Clare Algar thinks it’s possible:
Thirty-two states retain the death penalty in the U.S., but a new obstacle is making it increasingly difficult for them to carry it out. Pharmaceutical companies are taking a moral stand. The manufacturers of the drugs required by state departments of corrections for executions are saying they will not allow their products to be employed in this way. Manufacturers in the UK, US, Denmark, Israel, Switzerland, Germany, Austria, and India have taken steps to prevent their drugs being used in executions.
This has had an astonishing effect. Shortages of lethal injection drugs and attendant litigation have resulted in moratoria—an official halting of executions—in Arkansas, California, Kentucky, Louisiana, Maryland, Missouri, Montana, Nebraska, North Carolina, Oregon, and Tennessee.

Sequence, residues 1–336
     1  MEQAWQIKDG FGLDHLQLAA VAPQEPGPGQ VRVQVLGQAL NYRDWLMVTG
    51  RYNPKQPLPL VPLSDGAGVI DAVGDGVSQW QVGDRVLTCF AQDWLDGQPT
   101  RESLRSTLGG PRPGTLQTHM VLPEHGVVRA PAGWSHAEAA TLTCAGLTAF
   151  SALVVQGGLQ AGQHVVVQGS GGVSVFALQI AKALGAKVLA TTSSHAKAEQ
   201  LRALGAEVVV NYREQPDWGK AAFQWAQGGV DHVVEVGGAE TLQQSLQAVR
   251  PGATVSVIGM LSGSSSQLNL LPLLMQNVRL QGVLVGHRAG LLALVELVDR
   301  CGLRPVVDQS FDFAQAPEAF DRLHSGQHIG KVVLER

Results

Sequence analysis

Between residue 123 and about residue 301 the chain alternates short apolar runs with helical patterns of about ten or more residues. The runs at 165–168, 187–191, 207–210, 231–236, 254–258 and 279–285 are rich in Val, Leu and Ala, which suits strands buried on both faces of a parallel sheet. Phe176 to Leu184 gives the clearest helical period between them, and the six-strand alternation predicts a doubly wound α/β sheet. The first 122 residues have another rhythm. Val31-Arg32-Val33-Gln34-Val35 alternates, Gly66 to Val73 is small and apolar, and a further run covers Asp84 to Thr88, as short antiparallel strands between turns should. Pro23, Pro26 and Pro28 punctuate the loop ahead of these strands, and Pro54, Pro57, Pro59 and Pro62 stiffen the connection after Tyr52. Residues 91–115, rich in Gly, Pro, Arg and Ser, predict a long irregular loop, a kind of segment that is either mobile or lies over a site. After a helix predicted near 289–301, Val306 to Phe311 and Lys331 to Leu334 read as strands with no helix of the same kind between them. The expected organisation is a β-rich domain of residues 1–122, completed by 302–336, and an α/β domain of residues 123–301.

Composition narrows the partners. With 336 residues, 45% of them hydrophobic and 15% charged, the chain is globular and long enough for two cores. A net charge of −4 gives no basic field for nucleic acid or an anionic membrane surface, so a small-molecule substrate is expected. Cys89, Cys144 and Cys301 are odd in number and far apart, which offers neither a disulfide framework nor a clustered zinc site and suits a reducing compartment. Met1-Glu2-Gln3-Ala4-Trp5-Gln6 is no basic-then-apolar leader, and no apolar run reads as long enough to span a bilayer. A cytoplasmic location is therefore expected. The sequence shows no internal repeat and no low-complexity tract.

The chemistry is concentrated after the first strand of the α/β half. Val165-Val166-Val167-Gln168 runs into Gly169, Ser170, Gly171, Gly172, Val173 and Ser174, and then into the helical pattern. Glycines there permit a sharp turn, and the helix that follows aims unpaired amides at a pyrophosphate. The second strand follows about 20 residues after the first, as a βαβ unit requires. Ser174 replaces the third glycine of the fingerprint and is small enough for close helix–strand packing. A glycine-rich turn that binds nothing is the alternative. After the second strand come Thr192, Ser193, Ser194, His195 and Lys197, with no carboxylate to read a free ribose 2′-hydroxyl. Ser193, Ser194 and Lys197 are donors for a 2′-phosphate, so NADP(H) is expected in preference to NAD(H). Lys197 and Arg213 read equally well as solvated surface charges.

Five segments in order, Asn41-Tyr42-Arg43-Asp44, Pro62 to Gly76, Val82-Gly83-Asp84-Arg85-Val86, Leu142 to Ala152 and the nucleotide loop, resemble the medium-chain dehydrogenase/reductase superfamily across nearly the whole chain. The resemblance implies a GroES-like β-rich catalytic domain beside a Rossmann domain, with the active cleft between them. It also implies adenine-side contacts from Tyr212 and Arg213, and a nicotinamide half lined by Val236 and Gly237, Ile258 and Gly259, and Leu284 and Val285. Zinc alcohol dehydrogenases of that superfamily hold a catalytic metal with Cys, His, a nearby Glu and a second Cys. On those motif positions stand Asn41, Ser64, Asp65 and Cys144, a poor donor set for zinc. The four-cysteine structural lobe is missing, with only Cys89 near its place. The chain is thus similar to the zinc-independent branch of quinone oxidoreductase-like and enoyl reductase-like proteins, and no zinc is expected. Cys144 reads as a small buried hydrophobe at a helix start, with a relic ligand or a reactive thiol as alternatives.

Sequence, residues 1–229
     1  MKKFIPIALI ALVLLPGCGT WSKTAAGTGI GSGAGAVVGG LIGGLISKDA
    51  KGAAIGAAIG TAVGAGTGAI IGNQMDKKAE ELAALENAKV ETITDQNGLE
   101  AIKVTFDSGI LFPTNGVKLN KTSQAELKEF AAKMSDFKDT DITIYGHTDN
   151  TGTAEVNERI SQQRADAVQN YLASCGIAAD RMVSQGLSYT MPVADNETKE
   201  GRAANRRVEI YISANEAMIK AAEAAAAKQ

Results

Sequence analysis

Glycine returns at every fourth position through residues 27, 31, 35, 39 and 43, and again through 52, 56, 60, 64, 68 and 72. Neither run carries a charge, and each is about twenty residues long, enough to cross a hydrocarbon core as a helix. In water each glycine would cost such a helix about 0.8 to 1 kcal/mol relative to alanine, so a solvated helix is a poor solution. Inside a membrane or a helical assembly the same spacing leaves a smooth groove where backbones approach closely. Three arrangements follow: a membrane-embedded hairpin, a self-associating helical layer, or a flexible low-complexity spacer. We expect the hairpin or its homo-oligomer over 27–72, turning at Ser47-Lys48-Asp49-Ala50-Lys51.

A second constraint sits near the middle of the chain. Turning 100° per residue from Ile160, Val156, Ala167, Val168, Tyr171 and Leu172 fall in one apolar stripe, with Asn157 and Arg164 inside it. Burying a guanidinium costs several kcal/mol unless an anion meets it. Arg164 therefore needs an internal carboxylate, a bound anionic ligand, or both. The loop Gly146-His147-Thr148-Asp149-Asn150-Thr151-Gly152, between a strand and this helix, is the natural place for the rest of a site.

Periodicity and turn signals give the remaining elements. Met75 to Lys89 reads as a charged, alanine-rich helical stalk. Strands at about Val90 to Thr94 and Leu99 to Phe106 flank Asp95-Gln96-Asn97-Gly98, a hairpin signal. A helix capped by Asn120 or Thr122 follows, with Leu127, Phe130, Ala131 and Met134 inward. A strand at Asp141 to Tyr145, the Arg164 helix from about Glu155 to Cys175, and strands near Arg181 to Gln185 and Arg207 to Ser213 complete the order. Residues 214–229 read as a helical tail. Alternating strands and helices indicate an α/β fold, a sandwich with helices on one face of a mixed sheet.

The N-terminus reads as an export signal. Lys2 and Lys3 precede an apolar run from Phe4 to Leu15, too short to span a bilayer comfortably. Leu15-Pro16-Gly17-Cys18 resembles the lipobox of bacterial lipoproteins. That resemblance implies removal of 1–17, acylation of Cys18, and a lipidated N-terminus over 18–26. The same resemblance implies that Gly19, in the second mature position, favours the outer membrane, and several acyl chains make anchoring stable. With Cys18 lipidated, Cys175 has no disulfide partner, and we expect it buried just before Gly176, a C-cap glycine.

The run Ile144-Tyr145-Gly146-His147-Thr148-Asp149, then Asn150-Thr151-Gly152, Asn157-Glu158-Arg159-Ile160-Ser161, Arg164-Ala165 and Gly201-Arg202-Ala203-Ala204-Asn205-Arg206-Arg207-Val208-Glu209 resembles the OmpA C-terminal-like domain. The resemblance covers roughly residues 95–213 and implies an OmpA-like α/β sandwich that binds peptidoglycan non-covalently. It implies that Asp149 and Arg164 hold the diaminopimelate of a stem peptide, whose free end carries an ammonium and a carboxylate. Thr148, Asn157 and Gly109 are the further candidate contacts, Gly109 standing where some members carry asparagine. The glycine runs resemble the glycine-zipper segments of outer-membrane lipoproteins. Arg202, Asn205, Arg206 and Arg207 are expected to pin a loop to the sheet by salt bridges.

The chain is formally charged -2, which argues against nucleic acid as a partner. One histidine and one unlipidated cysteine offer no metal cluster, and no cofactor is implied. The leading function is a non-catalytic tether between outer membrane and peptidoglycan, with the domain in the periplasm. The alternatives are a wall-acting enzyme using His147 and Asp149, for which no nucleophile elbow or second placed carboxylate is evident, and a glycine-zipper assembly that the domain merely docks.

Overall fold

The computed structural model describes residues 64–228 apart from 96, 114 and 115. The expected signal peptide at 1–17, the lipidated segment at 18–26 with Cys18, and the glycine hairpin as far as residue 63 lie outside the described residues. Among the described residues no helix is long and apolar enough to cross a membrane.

Update from a reader:
The article you link to is intriguing, but Oregon’s moratorium was put in place for a different reason, a very conscious and deliberate choice on the part of our governor. In 2011, he placed a moratorium on all executions:
“In my mind, it is a perversion of justice,” Kitzhaber said at a crowded news conference, his voice strained and uncharacteristically quavering at times. “I refuse to be a part of this compromised and inequitable system any longer and I will not allow further executions while I am governor.”
A very principled and brave stance (and one I wholeheartedly support), but it will be interesting to see what happens when his time comes to step down.